Klipsch is proud to deliver an incredibly captivating Dolby Atmos experience to the home with its new line of Reference Premiere speakers. The RP-280FA, RP-450CA and RP-140SA speakers kicked off the brand’s foray into this exciting new standard for surround sound.

Feedback from both Klipsch partners and costumers alike has been overwhelming positive, but inquisitive souls have questions. Thus, we have compiled we have compiled a list of the most frequently asked questions about Klipsch Reference Premiere speakers with Dolby Atmos.

If you have a question that you don’t see answered, please post a comment. We will answer it as quickly as possible and add it to the FAQ.

What is Dolby Atmos?

To put it simply, Dolby Atmos® is the greatest advancement in home and cinema audio since surround sound. Sound editors now have the ability to pinpoint a single sound and move it around, above and through the listener.

Dolby Atmos is achieved by the addition of overhead and/or elevation channel speakers. This additional sound plane creates a true 3-dimensional hemisphere of sound for the listener.

Is Dolby Atmos just a gimmick-y sound effect?

Nope, it’s not a gimmick. Dolby Atmos is the first truly audible advancement in surround sound since 5.1. Through incredible advancements in acoustic technology and sound editing software development, Dolby has created a completely immersive, 360-degree audio experience that has been widely adopted by Hollywood’s top movie studios.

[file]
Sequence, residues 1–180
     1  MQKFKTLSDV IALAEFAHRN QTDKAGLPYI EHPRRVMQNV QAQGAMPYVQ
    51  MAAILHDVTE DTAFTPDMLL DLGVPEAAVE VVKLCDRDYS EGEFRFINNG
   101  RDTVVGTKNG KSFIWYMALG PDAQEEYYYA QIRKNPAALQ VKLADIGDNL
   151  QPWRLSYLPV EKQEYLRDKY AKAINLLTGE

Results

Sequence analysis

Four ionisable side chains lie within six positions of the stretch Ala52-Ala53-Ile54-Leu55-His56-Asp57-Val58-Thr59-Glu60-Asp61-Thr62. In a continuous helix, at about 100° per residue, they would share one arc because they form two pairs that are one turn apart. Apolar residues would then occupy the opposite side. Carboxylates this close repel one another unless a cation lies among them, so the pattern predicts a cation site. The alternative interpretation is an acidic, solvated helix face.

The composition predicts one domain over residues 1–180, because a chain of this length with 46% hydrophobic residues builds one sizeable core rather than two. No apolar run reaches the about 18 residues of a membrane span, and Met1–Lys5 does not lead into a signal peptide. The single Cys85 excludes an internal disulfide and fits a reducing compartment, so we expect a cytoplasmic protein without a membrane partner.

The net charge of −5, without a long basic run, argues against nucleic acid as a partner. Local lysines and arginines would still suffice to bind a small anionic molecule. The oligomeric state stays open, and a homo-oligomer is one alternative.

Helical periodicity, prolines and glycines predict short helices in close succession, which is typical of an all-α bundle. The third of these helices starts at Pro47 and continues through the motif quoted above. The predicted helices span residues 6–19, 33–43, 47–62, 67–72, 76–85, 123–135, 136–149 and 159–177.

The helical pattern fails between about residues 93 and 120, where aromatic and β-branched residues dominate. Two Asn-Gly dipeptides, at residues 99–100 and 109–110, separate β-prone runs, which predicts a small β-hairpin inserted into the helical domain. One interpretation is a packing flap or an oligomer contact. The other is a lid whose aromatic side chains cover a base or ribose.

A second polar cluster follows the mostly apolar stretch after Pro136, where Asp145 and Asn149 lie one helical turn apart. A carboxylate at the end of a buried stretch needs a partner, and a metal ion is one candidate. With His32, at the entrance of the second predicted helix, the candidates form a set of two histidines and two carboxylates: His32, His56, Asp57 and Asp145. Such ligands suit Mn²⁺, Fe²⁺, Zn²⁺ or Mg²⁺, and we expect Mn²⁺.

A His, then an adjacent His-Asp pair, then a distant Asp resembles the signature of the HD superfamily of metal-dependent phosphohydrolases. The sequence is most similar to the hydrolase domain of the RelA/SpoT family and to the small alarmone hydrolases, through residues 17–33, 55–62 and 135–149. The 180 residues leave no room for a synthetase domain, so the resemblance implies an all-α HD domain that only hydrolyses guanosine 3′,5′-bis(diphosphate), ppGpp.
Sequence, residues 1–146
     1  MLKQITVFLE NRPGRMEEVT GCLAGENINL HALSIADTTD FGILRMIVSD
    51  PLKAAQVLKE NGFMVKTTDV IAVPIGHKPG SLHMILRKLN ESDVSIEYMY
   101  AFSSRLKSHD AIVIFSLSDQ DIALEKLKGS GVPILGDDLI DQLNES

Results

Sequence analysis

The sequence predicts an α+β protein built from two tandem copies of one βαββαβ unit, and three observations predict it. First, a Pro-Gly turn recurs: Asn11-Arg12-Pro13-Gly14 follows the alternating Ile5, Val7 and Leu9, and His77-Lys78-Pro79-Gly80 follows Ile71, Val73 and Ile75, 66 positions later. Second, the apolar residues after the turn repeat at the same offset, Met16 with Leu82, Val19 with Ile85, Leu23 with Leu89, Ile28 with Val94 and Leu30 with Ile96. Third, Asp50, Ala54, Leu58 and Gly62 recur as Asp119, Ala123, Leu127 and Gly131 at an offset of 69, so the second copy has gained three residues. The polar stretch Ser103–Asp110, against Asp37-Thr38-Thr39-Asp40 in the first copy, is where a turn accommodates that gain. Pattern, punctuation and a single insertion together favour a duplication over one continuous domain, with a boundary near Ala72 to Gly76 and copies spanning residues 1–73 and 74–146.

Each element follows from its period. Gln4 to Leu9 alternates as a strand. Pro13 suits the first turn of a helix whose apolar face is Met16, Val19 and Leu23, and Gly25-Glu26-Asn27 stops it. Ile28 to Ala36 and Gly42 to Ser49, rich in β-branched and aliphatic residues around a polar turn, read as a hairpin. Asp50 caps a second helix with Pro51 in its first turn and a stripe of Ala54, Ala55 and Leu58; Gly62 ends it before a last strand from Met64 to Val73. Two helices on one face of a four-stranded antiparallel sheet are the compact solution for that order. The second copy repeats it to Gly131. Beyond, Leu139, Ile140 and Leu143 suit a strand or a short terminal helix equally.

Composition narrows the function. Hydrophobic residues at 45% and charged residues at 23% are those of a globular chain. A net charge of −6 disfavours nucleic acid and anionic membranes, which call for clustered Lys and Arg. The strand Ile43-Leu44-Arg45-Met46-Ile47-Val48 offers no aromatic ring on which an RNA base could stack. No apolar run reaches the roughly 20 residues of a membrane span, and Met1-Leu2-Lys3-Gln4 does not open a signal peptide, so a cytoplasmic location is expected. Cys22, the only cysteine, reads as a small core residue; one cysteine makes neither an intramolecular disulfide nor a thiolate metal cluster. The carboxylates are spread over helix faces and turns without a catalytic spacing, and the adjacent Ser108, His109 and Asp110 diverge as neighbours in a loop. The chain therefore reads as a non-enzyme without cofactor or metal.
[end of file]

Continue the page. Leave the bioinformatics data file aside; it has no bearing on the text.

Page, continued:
How do Klipsch Reference Premiere Dolby Atmos enabled speakers work differently than old competitors’ up-firing technology?

With the controlled directivity and exceptional efficiency of our exclusive Tractrix® Horn technology, we are able to meet the very stringent specifications put in place by Dolby for their Atmos enabled elevation speakers. Because of this, Klipsch is able to offer the only discrete, 2-way Dolby Atmos elevation speakers on the market for a much more dynamic, powerful, and realistic Dolby Atmos listening experience.

Do the Klipsch Reference Premiere Dolby Atmos enabled speakers work with content that is not spec’d for Dolby Atmos?

Yes. The Dolby Atmos software in Dolby Atmos enabled AV receivers and processors will actually up-mix non-Atmos material to utilize the height channels in your Atmos system. Of course, this function can be turned off at any time if you’d prefer a more traditional listening experience.

Do I need a new receiver for Dolby Atmos playback?